If you've been on the internet for longer than a minute or even if you just kind-of pay attention to pop culture phenomenon, you've probably heard of the movie The Room. It has been parodied and critiqued all over the net and has seeped into the minds of almost everyone. It is a movie in only the loosest sense of the word with insane, seemingly random edits and action and dialog that is stilted and unintentionally hilarious. Written, directed, produced by, and starring Tommy Wiseau it follows a group of friends as they go about their business in San Francisco. There is a love story and a betrayal ("You're tearing me apart Lisa!"), a creepy 18(?) year old neighbor, and a drug dealer, plus a seemingly random admission of breast cancer that is never brought up again. It's pretty terrible, yet fascinating and is excellent to watch with a group of friends.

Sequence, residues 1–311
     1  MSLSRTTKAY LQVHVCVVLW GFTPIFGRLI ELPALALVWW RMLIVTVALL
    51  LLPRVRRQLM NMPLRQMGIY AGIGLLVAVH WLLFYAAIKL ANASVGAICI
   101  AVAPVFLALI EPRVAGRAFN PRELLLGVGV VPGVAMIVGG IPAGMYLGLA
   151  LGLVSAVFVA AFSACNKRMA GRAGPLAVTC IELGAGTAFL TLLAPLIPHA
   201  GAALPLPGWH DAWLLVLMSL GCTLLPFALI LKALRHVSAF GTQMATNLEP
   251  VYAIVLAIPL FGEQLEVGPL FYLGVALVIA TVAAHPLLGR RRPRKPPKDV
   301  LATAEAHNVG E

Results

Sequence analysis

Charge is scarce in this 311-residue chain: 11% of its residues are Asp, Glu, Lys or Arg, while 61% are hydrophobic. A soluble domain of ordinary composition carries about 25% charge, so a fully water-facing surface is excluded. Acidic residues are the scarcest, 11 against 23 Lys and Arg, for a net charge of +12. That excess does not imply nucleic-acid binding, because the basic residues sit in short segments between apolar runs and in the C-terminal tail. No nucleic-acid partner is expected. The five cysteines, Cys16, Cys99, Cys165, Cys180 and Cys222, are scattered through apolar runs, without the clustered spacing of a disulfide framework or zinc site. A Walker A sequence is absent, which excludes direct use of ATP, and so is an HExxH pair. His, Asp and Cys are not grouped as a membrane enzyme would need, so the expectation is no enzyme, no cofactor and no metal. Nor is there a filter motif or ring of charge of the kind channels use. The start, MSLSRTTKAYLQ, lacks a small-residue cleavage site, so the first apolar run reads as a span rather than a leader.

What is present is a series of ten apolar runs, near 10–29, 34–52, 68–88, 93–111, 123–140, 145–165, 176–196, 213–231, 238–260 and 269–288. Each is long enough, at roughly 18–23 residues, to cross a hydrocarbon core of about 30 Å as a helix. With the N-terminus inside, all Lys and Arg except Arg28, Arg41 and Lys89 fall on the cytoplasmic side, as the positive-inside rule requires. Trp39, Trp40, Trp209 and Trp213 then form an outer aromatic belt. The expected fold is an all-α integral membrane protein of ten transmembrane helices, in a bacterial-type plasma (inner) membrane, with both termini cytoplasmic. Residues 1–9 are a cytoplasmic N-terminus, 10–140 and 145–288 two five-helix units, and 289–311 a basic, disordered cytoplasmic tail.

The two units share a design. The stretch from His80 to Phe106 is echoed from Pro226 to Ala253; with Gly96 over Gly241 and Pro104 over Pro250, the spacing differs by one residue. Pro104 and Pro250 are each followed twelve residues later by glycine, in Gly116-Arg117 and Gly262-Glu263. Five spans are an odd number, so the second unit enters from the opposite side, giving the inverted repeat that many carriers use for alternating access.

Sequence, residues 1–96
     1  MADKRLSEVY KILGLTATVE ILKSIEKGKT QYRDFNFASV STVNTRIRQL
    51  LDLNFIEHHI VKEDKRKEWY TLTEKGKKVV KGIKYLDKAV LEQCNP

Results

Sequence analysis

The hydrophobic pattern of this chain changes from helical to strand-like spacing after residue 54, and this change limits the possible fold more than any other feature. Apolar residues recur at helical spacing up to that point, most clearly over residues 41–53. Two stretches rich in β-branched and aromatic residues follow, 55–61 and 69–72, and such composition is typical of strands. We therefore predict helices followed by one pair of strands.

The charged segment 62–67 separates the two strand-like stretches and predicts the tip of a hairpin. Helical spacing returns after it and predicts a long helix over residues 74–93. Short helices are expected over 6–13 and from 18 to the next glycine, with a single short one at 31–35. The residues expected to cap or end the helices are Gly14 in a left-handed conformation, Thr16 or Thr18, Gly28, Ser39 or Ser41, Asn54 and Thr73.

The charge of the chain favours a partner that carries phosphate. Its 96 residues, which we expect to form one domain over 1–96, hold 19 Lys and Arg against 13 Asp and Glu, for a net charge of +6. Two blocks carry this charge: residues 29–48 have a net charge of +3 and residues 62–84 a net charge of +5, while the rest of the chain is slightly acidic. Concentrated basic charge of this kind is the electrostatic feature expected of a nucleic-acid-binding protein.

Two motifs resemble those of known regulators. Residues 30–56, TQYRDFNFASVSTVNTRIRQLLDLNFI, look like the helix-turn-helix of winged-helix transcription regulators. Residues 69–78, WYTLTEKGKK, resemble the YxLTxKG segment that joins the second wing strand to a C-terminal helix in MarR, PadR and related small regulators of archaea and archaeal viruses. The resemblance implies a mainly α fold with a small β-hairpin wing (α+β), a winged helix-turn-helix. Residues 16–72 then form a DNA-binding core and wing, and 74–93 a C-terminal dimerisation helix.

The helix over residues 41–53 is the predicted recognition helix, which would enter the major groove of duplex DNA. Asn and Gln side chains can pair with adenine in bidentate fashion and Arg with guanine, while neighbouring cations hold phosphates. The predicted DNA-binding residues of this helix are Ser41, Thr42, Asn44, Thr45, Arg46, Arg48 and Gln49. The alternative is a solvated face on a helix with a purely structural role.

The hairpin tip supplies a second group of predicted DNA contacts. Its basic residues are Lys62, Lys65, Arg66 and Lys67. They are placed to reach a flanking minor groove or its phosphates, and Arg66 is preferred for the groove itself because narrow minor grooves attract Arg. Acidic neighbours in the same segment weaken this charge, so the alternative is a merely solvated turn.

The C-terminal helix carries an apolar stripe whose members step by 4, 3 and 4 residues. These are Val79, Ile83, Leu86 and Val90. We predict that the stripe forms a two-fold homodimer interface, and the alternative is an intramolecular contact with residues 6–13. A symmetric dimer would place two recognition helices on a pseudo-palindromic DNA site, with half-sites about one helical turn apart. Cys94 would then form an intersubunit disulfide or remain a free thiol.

This book, The Disaster Artist:My Life Inside The Room, the Greatest Bad Movie Ever Made, is written by one of the lead actors who played Mark in the film. When this book came up for a Kindle Daily Deal on Amazon I knew I had to put all other books on hold to read it and it did not disappoint.

It tells two stories, one is the story of the terrible and traumatic filming process and the other is a story of Greg and Tommy meeting and becoming friends. The narrative switches back and forth between them as he tells the story.

The story of making the film is at turns funny and a little scary as you see how unhinged Wiseau can be and all of the strife he put the actors and crew members in. You really start to sympathize with these poor people who have to say these insane words and try to bring them to life. Not to mention the crew Wiseau put together to film this damn movie. Greg Sestero really has a great way of telling this story where you can see that he is trying very hard not to run away screaming and just wants to get finished with the movie and put the whole thing behind him. Plus, its nice to hear good things about the other actors on set and learn a bit about them.